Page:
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Combined pre-reformer/reformer system utilizing monolith catalysts for hydrogen production


Jung-Il Yang a, Jae-Hong Ryu b, Kwan-Young Lee b, Nam-Jo Jung a, Ji Chan Park a, Dong Hyun Chun a, Hak-Joo Kim a, Jung Hoon Yang a, Ho-Tae Lee a, Inho Cho c, Heon Jung a,*
a

Korea Institute of Energy Research, 71-2 Jang-Dong, Yuseong-Gu, Daejeon 305-343, South Korea Department of Chemical and Biological Engineering, Korea University, 5-1 Anam-Dong, Seongbuk-Gu, Seoul 136-701, South Korea c SK innovation, 140-1 Wonchon-Dong, Yuseong-Gu, Daejeon 305-712, South Korea
b

article info
Article history: Received 8 January 2011 Received in revised form 1 April 2011 Accepted 17 April 2011 Available online 24 May 2011 Keywords: Pre-reformer Reformer Metallic monolith catalyst Catalytic combustor Pilot scale Hydrogen production

abstract
The pre-reforming of higher hydrocarbon, propane, was performed to generate hydrogen from LPG without carbon deposition on the catalysts. A Ru/Ni/MgAl2O4 metallic monolith catalyst was employed to minimize the pressure drop over the catalyst bed. The propane pre-reforming reaction conditions for the complete conversion of propane with no carbon formation were identied to be the following: space velocities over 2400 h1 and temperatures between 400 and 450  C with a H2O/C1 ratio of 3. The combined pre-reformer and the main reformer system with the Ru/Ni/MgAl2O4 metallic monolith catalyst was employed to test the conversion propane to syngas where the reaction heat was provided by catalytic combustors. Propane was converted in the pre-reformer to 52.5% H2, 27.0% CH4, 17.5% CO, and 3.0% CO2 with a 331  C inlet temperature and a 482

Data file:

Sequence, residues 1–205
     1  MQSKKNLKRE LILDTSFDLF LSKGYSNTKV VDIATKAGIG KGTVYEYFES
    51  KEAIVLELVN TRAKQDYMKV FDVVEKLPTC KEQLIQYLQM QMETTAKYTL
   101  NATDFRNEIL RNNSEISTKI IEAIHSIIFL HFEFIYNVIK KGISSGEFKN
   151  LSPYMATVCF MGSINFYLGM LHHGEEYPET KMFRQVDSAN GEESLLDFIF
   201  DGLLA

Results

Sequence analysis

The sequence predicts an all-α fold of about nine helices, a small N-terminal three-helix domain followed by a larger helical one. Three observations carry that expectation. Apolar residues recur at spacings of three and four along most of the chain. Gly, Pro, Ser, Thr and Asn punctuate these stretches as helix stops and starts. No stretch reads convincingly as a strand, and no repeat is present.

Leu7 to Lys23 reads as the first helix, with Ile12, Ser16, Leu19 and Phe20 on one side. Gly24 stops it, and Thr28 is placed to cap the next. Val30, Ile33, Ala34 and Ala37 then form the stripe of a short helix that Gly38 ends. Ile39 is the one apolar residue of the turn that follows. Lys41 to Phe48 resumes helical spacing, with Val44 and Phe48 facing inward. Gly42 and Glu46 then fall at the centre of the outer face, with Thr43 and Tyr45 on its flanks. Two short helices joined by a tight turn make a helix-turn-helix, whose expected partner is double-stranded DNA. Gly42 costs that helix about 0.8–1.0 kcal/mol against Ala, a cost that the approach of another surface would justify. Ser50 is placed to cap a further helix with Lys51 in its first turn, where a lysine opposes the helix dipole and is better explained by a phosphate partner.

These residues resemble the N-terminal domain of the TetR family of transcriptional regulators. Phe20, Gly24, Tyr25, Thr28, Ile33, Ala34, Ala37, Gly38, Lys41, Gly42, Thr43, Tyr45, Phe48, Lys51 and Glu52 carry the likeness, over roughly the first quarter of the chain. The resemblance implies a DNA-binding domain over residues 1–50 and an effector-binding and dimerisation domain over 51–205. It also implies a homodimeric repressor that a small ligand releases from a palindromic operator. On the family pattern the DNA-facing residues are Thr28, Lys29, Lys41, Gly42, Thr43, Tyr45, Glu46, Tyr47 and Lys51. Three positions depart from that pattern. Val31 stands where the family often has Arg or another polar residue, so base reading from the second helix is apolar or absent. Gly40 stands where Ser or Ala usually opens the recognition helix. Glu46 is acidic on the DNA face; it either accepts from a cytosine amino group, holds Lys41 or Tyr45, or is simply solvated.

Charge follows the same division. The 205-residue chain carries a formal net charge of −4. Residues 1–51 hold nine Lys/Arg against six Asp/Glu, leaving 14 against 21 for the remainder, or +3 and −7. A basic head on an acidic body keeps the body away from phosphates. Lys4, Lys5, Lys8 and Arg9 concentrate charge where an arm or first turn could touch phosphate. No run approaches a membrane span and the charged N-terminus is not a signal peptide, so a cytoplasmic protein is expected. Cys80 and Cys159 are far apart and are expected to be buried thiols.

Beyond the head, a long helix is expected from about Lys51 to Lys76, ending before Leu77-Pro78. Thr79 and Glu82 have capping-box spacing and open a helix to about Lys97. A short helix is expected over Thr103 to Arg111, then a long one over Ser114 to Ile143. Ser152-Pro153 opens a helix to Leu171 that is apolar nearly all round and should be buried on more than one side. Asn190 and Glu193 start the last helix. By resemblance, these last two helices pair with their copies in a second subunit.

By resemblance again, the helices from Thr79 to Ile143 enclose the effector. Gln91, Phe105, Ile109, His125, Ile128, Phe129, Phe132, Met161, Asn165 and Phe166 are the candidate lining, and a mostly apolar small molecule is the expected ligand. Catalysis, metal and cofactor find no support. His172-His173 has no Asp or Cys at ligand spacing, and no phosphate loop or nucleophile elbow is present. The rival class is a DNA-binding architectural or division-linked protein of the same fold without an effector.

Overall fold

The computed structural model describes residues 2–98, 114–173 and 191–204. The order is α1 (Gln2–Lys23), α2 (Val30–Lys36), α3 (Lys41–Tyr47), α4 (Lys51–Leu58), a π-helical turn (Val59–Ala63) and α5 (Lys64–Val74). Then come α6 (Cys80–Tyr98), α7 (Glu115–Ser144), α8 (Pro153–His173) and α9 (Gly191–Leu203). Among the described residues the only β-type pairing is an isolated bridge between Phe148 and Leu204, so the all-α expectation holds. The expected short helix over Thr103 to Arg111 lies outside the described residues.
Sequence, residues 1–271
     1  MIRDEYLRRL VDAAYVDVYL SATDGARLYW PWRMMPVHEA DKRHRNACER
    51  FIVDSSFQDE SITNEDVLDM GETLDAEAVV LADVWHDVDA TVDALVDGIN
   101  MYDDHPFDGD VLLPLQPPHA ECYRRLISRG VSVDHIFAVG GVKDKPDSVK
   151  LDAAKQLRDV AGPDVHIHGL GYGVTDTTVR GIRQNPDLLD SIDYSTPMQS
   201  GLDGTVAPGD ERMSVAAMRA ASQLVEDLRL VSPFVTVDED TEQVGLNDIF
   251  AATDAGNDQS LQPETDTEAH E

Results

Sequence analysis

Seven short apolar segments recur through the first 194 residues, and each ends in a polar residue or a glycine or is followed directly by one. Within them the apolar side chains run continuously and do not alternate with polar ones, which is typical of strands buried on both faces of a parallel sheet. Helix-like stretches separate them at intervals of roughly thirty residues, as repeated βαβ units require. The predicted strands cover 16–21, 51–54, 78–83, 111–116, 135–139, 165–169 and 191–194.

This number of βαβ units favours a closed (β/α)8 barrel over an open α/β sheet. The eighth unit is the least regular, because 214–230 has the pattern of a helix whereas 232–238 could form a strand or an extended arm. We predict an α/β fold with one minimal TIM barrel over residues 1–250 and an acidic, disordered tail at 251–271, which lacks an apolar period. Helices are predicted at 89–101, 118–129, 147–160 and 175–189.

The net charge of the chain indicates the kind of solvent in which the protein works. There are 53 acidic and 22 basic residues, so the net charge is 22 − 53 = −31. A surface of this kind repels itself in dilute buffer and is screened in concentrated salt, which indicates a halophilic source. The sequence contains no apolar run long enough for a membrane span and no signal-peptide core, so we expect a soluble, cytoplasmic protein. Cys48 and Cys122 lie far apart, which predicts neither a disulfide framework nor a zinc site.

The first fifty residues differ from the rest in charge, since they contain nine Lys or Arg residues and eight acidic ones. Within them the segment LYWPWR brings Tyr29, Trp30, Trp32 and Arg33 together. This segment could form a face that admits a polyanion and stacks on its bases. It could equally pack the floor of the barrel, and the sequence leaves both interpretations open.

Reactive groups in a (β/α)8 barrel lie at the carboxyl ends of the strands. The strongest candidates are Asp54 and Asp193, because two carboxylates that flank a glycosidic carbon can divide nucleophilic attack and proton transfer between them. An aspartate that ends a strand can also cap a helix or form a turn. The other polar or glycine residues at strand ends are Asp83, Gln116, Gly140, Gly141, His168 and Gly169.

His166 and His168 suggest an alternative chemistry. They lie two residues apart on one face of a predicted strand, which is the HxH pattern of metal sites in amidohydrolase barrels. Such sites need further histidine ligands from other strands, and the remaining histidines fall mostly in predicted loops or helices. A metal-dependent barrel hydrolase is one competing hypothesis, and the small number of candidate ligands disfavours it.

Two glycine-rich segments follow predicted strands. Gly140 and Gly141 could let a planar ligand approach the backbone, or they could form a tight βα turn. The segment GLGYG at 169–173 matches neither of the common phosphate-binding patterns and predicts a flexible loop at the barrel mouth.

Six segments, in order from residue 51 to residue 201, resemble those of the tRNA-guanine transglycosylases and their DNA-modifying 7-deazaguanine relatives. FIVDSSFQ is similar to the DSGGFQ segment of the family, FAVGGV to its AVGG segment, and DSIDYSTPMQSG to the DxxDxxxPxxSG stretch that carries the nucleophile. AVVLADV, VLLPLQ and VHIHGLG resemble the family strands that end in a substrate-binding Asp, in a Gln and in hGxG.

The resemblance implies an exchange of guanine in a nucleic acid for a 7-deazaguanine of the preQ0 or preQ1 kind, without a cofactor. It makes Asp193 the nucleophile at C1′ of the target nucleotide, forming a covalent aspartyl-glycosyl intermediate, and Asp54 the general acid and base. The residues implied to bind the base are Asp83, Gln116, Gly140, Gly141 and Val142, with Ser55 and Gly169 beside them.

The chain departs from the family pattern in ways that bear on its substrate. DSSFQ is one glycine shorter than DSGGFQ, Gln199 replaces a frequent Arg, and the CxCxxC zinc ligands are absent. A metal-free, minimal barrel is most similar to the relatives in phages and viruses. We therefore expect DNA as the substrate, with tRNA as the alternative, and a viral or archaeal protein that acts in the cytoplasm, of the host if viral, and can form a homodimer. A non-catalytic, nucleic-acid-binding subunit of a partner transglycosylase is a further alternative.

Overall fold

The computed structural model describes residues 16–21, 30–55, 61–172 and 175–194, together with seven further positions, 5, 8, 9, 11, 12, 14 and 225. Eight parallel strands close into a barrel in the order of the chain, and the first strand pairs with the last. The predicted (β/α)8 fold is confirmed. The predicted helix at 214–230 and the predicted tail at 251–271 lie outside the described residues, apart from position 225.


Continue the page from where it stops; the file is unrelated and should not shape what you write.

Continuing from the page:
C catalyst outlet temperature. The main steam reforming

reactor converted the methane from the pre-reformer with a conversion of higher than 99.0% with a 366  C inlet temperature and an 824  C catalyst outlet temperature. With a total of 912 cc of the Ru/Ni/MgAl2O4 metallic monolith catalyst in the main reformer, the H2 production from the propane reached an average of 3.25 Nm 3h1 when the propane was fed at 0.4 Nm3h1. Copyright 2011, Hydrogen Energy Publications, LLC. Published by Elsevier Ltd. All rights reserved.

1.

Introduction

Pre-reforming technology has been used for many years as the rst stage in the steam reforming of heavy hydrocarbons, e.g. LPG or naphtha, to synthesize gas or H2 [1]. This process is a valuable tool for improving the efciency and solving problems related to the conventional tubular steam reforming process (main reforming) [2]. During

pre-reforming, heavy hydrocarbons are rst converted to methane and carbon oxides (CO, CO2) at relatively low temperatures, typically from 400 to 550  C, and nally H2rich streams are produced in the main reforming process at higher temperatures of >800  C [3e5]. Pre-reforming operated at low temperatures is an inevitable process because the steam reforming of higher hydrocarbons, which generally occurs at high temperatures, easily results in

* Corresponding author. Tel.: 82 42 860 3663; fax: 82 42 860 3134. E-mail address: jungh@kier.re.kr (H. Jung). 0360-3199/$ e see front matter Copyright 2011, Hydrogen Energy Publications, LLC. Published by Elsevier Ltd. All rights reserved. doi:10.1016/j.ijhydene.2011.04.130

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coke deposition on the walls of the reformer and catalyst surface [6]. The pre-reforming process can be expressed with the following reactions [7]. Cn Hm nH2 O/nCO n m=2H2  1 498:1 kJmol ; for n 3 CO 3H2 CH4 H2 O CO H2 O CO2 H2   DH298K (1)

2.
2.1.

Experimental
Catalyst preparation

   1 DH298K 206:2 kJmol    1 DH298K 41:2 kJmol

(2)

(3)